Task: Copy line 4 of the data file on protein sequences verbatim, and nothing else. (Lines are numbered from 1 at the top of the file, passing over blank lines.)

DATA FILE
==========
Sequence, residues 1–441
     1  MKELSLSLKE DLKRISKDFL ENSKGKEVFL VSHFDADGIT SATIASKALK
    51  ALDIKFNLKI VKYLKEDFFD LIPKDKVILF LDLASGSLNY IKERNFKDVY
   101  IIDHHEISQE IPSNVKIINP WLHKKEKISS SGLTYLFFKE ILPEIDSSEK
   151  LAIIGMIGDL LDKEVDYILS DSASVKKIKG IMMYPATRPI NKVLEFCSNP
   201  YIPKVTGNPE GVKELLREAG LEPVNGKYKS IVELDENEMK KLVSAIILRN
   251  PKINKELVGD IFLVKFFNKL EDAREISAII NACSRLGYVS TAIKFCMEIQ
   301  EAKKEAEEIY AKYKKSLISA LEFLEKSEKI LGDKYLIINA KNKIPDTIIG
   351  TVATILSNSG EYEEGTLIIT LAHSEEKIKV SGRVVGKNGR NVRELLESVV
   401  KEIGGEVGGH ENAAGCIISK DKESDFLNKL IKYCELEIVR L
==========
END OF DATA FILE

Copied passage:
   101  IIDHHEISQE IPSNVKIINP WLHKKEKISS SGLTYLFFKE ILPEIDSSEK